The Royal Navy will join a US-led taskforce to protect merchant ships travelling in the Gulf.
The move comes amid growing tensions between the two western powers and Iran over the shipping route in the Strait of Hormuz.
Iranian forces seized British-flagged vessel Stena Impero last month, while the US has tightened sanctions on Iran.
Foreign Secretary Dominic Raab said the new maritime taskforce would give “reassurance for shipping”.
But it goes against plans laid out by his predecessor, Jeremy Hunt, for a European-led mission in the area.
The UK government confirmed last month that it would provide a Royal Navy escort, from warships HMS Duncan and HMS Montrose, for British-flagged ships passing through the strait.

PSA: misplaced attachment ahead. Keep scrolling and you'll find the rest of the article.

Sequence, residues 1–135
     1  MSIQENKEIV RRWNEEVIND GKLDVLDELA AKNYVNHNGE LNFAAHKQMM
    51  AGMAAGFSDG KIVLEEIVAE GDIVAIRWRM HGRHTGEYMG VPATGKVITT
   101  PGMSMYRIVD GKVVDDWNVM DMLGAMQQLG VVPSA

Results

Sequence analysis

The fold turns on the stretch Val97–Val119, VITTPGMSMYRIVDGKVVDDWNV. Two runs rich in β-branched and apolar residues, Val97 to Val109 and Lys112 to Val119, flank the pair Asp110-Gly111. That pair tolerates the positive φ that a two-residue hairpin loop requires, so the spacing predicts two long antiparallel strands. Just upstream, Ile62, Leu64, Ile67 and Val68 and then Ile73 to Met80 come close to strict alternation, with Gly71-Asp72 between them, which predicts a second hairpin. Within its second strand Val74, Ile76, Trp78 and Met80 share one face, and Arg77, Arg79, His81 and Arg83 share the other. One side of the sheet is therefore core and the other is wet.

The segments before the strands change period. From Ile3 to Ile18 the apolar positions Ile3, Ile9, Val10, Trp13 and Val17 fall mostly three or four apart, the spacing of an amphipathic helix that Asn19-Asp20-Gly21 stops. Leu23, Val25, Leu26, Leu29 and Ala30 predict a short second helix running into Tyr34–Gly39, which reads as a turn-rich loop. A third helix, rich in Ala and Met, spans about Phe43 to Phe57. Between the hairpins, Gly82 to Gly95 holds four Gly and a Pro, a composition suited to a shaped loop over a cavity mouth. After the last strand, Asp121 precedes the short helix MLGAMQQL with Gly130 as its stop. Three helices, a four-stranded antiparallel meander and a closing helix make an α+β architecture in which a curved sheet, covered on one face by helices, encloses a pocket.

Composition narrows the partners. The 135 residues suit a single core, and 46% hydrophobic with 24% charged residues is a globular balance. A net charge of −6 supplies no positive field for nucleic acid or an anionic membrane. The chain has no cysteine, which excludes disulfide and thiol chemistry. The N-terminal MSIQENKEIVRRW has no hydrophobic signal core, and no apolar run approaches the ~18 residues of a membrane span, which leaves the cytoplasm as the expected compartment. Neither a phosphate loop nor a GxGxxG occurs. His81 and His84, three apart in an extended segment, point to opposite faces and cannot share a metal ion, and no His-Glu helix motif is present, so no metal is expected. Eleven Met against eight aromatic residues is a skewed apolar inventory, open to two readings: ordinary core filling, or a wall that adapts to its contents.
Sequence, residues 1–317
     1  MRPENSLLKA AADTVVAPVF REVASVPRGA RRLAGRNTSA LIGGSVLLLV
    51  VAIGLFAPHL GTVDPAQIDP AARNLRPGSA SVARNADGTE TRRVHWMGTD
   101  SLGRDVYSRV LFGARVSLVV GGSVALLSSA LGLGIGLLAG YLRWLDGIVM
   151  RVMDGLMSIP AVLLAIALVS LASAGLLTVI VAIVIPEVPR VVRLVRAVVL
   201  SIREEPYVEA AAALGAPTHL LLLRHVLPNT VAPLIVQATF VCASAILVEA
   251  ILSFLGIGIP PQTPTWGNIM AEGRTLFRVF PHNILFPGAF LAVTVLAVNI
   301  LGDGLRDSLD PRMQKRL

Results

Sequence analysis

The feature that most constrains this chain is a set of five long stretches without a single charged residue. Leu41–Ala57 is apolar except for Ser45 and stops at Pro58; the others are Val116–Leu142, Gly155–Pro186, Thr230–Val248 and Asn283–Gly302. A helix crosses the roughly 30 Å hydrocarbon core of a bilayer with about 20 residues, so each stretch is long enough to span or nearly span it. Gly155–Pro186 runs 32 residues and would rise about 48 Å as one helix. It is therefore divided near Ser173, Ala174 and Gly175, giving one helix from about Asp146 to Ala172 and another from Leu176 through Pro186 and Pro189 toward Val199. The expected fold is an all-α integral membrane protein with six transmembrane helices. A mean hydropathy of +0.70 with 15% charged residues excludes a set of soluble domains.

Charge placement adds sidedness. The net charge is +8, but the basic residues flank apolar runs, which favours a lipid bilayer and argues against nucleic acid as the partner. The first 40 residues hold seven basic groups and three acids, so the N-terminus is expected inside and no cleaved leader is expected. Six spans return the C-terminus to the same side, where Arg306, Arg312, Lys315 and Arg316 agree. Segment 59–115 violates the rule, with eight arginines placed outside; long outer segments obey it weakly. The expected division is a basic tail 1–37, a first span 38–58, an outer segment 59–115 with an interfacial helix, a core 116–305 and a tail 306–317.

The Ministry of Defence said the new mission would involve the same warships.
The US has also committed two warships to the mission, as well as aerial surveillance.
Washington has re-imposed – and latterly tightened – its own sanctions on Iran, after withdrawing from a 2015 deal to limit the country’s nuclear activities.
The UK and other European countries remain committed to the plan, but diplomatic tensions have been strained in recent months – increasing after the seizure of the Stena Impero.
Mr Raab said the UK’s decision to join the US-led mission did not change its commitment to the nuclear deal and that the government was working to “de-escalate the situation” in the Gulf.
Announcing the new mission, Defence Secretary Ben Wallace said the UK was “determined to ensure shipping is protected from unlawful threats”.
He added: “Upholding international maritime law and freedom of passage is in all our interests.
“We are seeing, across our seas and oceans, too many incidents that seek to challenge such freedoms.”